Wichita State Nursing Faculty Member Helping Perfect One-of-a-Kind Mobile Stroke Unit

Article ID: 660029

Released: 31-Aug-2016 10:05 AM EDT

Source Newsroom: Wichita State University

  • Credit: Courtesy

    Each shift on the mobile stroke unit consists of a highly trained medical team.

Newswise — WSU nursing faculty member Dr. Wendy Dusenbury has embarked on a new specialty practice. Because of her expertise in the area of stroke management, Dusenbury was invited to join an inaugural group of practitioners at the University of Tennessee to help test a one-of-a-kind mobile stroke unit. The specialized vehicle is the world's largest mobile stroke unit and contains the most advanced computerized tomography (CT) imaging capabilities ever in a mobile setting.

The hospital-quality CT scanner has angiography imaging that provides crystal clear pictures of the brain and blood vessels. This technology enables the team to diagnose and treat the patient quickly and accurately. Each shift on the unit consists of a highly-trained medical team, including a nurse practitioner, CT technologist, EMT and paramedic.

"I'm excited to be part of this groundbreaking program," Dusenbury says. "This unit will help impact and save many people's lives."

Response time is critical

Dusenbury says time is critical when responding to a stroke. A stroke causes the loss of brain neurons and accelerated aging of the brain. The ability to respond to patients quickly reduces the likelihood of permanent brain damage.

The unit can reach and treat patients more quickly than an ambulance transporting patients to and through the emergency room. The unit is able to bypass hospital emergency departments and take patients directly to the next level of treatment. The goal is to administer diagnosis and treatment within the first hour of a patient experiencing stroke symptoms.

"The mobile stroke unit is a huge time saver," says Dusenbury. "The more quickly we can treat a patient, the more brain cells we can save."

According to the American Heart Association and American Stroke Association, for every minute after a stroke happens, 1.9 million neurons are lost and 3.1 weeks of aging are added to the brain. For every hour after a stroke occurs, 120 million neurons are lost and 3.6 years of aging are added to the brain.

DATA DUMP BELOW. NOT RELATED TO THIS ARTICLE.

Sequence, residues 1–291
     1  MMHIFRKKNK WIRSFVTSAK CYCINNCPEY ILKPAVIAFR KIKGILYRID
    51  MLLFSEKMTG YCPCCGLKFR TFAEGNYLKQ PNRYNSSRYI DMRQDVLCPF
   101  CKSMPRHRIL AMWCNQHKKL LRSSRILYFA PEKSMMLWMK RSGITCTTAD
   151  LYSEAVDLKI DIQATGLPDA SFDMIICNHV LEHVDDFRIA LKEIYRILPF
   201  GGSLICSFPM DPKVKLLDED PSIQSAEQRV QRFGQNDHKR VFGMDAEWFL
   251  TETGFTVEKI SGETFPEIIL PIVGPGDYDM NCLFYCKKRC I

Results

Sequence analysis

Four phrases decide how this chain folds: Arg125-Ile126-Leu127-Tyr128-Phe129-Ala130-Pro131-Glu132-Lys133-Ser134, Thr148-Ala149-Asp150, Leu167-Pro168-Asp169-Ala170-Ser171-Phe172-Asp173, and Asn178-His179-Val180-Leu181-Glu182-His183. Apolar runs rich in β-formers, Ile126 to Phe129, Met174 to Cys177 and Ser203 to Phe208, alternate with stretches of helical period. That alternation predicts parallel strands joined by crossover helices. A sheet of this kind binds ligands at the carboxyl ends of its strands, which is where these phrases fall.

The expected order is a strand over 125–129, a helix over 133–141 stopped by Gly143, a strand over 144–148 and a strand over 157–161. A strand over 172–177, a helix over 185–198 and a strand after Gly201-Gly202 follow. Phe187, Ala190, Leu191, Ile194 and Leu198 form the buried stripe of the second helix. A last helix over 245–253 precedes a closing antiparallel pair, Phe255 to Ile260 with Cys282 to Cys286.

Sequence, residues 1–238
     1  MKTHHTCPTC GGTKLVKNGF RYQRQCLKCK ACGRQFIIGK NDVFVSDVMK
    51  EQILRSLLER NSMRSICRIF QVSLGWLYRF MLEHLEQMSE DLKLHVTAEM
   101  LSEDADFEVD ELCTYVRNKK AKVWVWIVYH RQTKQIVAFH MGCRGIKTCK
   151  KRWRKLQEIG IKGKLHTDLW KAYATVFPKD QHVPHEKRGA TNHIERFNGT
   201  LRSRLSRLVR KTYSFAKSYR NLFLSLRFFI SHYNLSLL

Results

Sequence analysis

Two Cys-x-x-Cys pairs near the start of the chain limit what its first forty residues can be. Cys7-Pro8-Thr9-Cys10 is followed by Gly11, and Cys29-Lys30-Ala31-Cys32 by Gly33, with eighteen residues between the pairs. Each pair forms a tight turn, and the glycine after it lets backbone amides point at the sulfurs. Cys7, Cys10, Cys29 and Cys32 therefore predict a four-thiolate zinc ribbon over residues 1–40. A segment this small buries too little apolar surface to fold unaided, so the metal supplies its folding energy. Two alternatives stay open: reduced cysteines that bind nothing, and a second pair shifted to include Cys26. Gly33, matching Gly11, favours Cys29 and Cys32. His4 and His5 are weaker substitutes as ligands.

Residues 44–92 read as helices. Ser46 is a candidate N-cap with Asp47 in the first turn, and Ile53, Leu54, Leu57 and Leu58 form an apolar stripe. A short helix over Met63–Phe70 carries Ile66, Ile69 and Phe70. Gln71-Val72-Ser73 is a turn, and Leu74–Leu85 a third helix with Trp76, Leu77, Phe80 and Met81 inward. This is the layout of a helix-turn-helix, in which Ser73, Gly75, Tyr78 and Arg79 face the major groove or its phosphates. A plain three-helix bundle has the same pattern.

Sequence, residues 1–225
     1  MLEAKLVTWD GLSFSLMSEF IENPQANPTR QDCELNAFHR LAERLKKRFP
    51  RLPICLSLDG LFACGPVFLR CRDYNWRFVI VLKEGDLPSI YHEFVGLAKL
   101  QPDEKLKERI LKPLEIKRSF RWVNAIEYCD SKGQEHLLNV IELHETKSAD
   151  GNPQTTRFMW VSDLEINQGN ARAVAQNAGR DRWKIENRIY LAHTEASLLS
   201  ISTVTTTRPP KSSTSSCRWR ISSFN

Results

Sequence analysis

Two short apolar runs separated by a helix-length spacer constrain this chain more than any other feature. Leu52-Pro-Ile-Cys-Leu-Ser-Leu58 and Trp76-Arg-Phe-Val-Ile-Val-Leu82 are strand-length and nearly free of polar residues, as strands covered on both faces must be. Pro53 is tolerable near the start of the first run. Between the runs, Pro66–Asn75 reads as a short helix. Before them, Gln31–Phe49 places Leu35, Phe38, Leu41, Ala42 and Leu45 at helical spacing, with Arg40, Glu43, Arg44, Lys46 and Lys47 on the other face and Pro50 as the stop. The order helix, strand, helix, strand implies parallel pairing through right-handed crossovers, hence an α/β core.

Fighting a killer

The mobile stroke unit was chosen to operate in Memphis, where the stroke rate is 37 percent higher than the national average. According to the Centers for Disease Control and Prevention (CDC), stroke is the fifth leading cause of death in the U.S. and the leading cause of adult disability.

The unit is functioning as a test unit. To track its effectiveness, the unit will operate 12 hours a day, one week on and one week off. The study is expected to help increase similar early treatment programs worldwide for stroke patients.

Dusenbury has previously served on acute stroke response and neurocritical care teams and works to improve stroke treatment in Wichita. She was the co-director of the stroke program at Via Christi Health and helped the facility achieve the Comprehensive Stroke Center certification, recognizing them among the facilities nationally that offer advanced stroke care options for patients. She has also spoken and presented her research locally and nationally at industry conferences.

Dusenbury says the most important thing to do is call 911 immediately if you think you may be experiencing a stroke.

Read more about the signs and symptoms of a stroke.

A photograph is available at http://www.wichita.edu/thisis/wsunews/newsrelease/highres/?pid=6951# # # # #Contact: Wendy Dusenbury, professor, school of nursing, 978-6188 or wendy.dusenbury@wichita.edu.


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